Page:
Are strings actually immutable?

I just want to comment that the lesson starts off by saying that strings are immutable, but then the solution to section 12 review involves changing a string by successively adding characters to it. That doesn’t sound very immutable to me!

Isaac, the definition of “same” or “different” has to do with the identity of an object. When a Python object is created, it resides in a certain memory address, and that address is its identity. If I claim that the object is mutable, I say that the object at that address can be changed. If immutable, it cannot be changed.

Every time you “change” a string by adding or substituting characters, you are actually creating a new string. It may well be that you assign that new string to the variable name that you were previously using, but it is a new string , i.e., a different object, residing in a different memory location, nonetheless.

By contrast, when you append an element to a list, the resulting list occupies the same memory address as the first.

(The function id() gives you an object identification (the actual memory address in the most common Python implementation)).

my_str = 'abc'
print(my_str, id(my_str))
my_str += "x"      #  same as my_str = my_str + "x". The variable name is reassigned here.
print(my_str, id(my_str))
my_lst = [1,2,3]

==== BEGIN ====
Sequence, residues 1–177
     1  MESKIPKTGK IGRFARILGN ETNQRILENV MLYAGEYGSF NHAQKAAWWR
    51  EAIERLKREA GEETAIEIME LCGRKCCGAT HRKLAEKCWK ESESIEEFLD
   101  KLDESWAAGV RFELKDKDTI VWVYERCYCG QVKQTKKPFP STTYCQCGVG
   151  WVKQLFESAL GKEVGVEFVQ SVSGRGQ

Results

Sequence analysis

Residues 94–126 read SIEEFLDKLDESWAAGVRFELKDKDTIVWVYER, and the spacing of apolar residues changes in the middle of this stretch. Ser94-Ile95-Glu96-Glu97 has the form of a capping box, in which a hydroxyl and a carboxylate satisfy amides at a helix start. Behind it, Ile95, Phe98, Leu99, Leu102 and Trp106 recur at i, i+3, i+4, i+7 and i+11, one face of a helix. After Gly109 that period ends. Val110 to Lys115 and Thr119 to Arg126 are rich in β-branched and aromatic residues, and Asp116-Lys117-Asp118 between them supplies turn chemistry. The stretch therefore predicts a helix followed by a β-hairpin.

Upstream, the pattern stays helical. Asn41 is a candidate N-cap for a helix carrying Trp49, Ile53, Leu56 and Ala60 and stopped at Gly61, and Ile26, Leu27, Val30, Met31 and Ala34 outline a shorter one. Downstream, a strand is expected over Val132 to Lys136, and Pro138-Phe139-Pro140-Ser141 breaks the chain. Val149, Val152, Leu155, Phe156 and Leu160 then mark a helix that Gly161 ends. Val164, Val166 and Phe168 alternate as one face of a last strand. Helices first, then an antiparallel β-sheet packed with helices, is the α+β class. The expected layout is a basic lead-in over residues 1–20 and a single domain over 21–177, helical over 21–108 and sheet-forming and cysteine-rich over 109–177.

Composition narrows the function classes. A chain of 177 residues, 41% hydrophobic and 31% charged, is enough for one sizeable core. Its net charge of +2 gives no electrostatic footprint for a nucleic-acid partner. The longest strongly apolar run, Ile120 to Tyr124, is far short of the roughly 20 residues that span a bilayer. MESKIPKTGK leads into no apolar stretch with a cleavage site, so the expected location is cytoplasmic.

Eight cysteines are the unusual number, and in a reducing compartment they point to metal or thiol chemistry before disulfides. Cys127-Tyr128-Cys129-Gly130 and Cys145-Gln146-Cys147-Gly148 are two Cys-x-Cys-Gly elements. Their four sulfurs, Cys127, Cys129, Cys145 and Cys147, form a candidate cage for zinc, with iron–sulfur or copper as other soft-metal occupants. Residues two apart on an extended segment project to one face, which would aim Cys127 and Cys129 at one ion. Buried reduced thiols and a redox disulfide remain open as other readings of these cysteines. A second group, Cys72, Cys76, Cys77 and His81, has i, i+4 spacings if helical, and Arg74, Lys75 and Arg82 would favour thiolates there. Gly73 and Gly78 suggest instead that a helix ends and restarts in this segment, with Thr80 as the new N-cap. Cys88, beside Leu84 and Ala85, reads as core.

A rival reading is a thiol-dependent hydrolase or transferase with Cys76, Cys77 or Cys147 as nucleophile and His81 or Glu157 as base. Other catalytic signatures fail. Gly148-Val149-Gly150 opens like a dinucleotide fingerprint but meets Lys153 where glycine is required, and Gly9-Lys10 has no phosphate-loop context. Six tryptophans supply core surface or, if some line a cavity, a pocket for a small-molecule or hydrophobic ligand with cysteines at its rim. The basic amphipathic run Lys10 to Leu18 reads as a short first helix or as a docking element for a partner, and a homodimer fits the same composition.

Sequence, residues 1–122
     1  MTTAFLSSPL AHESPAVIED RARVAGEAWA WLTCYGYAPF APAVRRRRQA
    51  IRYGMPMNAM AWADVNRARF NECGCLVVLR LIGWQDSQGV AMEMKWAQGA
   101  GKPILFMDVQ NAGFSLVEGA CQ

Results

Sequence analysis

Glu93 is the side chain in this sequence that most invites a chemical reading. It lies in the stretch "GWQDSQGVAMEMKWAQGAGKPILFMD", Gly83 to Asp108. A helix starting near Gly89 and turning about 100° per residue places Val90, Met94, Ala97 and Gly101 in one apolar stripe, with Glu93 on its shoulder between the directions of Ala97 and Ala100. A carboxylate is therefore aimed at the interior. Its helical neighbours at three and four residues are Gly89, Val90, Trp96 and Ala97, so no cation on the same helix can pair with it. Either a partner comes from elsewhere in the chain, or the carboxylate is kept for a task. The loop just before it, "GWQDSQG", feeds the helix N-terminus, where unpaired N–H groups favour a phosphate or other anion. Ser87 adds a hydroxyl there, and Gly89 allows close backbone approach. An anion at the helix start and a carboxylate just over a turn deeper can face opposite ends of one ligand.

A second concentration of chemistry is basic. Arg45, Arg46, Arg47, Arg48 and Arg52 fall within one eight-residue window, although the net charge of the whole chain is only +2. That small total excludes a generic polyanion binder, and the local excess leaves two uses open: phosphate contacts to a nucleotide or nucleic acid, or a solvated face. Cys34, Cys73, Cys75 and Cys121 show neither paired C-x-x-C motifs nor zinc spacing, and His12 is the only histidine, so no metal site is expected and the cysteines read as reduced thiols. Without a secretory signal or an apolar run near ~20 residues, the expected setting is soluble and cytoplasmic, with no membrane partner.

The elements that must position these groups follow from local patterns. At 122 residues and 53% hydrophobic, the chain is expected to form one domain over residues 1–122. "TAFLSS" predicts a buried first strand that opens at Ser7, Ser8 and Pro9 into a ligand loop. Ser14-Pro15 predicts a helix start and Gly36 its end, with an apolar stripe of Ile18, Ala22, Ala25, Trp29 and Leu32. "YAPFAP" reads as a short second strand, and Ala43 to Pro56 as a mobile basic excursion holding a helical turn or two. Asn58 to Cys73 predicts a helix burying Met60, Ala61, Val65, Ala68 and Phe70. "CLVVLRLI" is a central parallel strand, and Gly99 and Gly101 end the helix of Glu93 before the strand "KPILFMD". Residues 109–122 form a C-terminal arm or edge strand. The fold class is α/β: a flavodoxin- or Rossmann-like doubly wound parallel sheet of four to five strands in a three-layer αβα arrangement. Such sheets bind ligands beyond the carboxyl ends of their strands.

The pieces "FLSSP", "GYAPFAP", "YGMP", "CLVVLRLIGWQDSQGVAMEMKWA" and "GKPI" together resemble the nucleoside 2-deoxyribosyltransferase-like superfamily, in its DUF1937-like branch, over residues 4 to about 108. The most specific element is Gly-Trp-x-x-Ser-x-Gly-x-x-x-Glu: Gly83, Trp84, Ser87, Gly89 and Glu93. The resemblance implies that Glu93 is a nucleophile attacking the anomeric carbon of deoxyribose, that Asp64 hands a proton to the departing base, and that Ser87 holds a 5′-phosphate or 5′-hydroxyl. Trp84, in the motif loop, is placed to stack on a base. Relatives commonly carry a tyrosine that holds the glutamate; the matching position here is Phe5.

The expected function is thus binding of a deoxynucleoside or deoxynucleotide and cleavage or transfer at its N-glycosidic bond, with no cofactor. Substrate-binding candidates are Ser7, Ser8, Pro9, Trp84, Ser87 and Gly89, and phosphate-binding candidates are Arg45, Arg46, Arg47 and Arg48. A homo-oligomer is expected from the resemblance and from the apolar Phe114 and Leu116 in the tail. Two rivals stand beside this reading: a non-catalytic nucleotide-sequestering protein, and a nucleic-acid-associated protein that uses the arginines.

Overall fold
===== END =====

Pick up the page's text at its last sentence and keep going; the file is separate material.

print(my_lst, id(my_lst))
my_lst.append("x")    # "mutating" the list
print(my_lst, id(my_lst))


abc 59852000
abcx 59853792     # same variable name, different string value, different object id 

[1, 2, 3] 56919744
[1, 2, 3, 'x'] 56919744   # same variable name, different list elements, same object id 
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Patrick, thanks for taking the time to detail how this works behind the scenes.
I hope CodeAcademy amend this bit of the course to avoid confusion, either by making explicit what you have said, or just removing the existing reference to the immutability of strings

I wish they would make these things more explicit, also, Isaac, but Codecademy is apparently commited, in Python, at least, to an instruction style that strongly resists looking “beneath the hood” at the way things work.

That said, one must come to terms early on with mutability vs immutability, one way or another.